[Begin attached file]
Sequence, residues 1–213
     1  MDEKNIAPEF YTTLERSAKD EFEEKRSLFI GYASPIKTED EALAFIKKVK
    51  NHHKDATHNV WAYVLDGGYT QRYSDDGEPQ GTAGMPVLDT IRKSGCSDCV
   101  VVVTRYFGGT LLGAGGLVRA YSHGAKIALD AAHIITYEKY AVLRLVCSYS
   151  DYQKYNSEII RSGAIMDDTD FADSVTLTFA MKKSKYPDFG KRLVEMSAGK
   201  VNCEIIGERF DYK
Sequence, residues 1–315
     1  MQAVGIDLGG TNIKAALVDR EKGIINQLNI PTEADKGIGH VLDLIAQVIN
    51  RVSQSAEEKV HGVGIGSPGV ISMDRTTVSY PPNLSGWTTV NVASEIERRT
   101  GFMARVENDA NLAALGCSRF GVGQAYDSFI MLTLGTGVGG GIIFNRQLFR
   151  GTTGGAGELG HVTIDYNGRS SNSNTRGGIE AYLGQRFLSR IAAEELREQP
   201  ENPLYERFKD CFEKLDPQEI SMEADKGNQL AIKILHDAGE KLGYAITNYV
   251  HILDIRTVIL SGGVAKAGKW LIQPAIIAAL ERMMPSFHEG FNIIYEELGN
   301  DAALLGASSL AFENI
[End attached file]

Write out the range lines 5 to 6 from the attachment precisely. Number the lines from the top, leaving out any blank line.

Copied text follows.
   151  DYQKYNSEII RSGAIMDDTD FADSVTLTFA MKKSKYPDFG KRLVEMSAGK
   201  VNCEIIGERF DYK